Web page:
Chapter 26 - The Nature of Scripture
God's Word is inspired. A few parts of it were dictated (Ex 34:27; Jer 36:4; Rev 2-3), but for the most part we call it organic inspiration. The peculiarities of human writers are retained, but they wrote what God wanted. Inpiration is plenary (all of it, not just parts) and verbal (the words, not just the thoughts/ideas).
God's Word is inerrant (without error) and infallible (incapable of error). God never deceives or makes a mistake. Qualities of scripture that don't violate inerrancy: lack of scientific precision, language that is ordinary rather than technical, unrefined grammar, narrative out of chronological order, round numbers, paraphrased quotations, unscientific and imprecise descriptions.
Apparent difficulties with God's Word shouldn't give us any more trouble than they gave Abraham when He was called to sacrifice Isaac (Romans 4:17-21). We cannot set ourselves up as judges of Scripture, demanding all its issues be resolved to our satisfaction before we accept it. Our finitude and our sin lead us to have problems with the Bible.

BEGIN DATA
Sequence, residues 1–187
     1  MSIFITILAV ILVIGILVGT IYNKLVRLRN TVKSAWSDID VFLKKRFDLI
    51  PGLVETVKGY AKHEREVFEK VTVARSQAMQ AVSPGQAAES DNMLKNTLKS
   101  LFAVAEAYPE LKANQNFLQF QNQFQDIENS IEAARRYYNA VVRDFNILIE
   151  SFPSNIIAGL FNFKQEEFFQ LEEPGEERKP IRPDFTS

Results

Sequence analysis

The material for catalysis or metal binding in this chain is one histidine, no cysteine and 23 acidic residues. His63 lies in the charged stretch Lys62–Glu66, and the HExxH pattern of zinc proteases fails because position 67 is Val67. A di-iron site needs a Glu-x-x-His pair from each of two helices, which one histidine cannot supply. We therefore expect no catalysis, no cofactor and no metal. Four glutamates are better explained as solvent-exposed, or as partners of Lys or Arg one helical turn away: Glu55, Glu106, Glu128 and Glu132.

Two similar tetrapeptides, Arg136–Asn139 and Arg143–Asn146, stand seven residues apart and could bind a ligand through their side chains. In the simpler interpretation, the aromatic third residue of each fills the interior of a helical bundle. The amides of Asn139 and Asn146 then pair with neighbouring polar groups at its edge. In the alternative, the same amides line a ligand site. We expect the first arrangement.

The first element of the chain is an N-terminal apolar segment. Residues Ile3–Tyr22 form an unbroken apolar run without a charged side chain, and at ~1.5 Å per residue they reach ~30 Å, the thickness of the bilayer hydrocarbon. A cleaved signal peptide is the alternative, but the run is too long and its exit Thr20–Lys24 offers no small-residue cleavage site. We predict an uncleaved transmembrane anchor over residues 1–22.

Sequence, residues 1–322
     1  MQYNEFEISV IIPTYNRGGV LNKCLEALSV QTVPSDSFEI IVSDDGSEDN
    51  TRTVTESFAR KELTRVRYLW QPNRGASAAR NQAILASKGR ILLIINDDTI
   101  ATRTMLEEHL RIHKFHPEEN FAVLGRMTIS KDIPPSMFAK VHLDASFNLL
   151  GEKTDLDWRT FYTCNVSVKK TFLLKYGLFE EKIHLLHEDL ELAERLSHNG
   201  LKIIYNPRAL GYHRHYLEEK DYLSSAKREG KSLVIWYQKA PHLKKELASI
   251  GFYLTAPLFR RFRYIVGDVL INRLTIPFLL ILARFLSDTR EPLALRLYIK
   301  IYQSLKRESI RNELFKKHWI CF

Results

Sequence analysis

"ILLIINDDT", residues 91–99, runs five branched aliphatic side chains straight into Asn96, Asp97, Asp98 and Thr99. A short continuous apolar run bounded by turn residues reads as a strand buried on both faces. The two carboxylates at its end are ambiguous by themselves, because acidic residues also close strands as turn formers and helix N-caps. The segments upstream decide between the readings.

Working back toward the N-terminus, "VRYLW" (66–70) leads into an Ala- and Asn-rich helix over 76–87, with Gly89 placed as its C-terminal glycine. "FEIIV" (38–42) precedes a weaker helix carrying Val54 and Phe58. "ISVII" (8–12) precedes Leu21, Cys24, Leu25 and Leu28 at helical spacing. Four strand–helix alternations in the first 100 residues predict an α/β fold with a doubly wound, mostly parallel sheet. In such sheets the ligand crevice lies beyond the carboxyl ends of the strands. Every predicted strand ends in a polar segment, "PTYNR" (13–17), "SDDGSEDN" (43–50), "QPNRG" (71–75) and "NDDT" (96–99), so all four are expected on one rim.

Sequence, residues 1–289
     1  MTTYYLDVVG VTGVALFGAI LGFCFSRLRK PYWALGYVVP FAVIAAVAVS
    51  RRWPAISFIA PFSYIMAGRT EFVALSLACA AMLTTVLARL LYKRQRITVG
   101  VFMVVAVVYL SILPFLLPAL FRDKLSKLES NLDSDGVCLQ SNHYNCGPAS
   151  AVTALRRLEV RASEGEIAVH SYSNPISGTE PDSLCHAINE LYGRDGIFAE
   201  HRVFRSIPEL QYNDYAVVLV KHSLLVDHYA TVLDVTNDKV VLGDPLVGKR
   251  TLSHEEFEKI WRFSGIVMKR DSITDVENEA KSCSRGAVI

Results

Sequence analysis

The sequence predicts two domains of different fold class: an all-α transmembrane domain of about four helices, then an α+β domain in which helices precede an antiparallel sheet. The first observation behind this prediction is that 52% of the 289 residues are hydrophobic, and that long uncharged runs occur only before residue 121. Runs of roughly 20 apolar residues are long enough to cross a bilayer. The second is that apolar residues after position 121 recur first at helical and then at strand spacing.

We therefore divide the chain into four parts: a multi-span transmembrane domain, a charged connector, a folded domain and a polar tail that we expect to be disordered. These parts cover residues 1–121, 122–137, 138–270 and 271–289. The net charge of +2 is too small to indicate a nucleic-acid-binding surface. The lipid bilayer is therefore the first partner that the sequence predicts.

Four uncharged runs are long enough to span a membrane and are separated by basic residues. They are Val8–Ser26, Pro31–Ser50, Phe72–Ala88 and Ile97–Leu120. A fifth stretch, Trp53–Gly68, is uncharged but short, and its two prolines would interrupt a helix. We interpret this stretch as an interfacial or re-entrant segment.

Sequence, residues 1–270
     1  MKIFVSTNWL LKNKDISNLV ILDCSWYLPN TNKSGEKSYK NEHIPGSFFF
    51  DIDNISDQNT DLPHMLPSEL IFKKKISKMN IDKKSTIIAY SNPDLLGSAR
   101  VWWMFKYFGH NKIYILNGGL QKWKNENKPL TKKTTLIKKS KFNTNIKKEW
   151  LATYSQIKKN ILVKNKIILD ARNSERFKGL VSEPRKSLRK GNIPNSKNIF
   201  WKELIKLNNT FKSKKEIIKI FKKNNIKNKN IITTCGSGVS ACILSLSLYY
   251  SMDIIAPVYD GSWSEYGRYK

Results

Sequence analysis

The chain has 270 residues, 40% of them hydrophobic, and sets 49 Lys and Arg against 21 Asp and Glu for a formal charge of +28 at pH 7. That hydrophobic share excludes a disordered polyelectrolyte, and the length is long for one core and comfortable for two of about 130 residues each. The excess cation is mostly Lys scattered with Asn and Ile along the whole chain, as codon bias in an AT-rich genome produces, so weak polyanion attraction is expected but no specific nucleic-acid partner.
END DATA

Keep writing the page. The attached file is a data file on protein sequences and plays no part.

Clarity of Scripture: it isn't equally clear in every part, but it is for everyone. It is gives us enough to carry out our obligations.
Necessity of Scripture: we need it to know the way of salvation. This comes through words!
Comprehensiveness of Scripture: it "addresses all of human life.... calendar, holidays, diet, clothing, economy, employment practices, education, marriage and divorce, and civil government, as well as their prayers and priestly sacrifices" (616). Not just areas of "spirituality" or salvation!
Sufficiency of Scripture: it has everything "needed for any aspect of human life" (618). Logic aids in this. Nothing may be added to the Bible, by new revelation or tradition. The Spirit is still needed to illuminate the Bible for us. Common sense is still needed in specific areas - "Scripture doesn't speak specifically to every detail of human life" (621). But it equips us for EVERY good work (2 Tim. 3:17). Scripture was sufficient at every point of redemptive history (Noah and David each had enough to follow God), and it will not be added to now that Christ's redemption is complete (Hebrews 1:1-4). 2 Peter 1:3 summarizes this doctrine.
Challenges to sufficiency
- Soft charismatic view: prophecy is ongoing, but not on a scriptural level. But why would the operation of prophecy change from OT to NT?
- Doesn't general revelation continue, in creation? Yes, but special revelation has ceased.
- Don't we need Scripture applied to us today? Yes, not by bare Bible reading or "fresh revelation of the Spirit" but by the eyes of faith perceiving, a la Eph. 1:17 (627).
- Preaching of the Word is an extension of revelation.
- Protestant traditions: fundamentalism's insistence on abstinence from alcohol, Reformed insistence of strict subscription to confessions without freedom to "rethink the confessions" (628), and worship style - each elevated to the level of Scripture.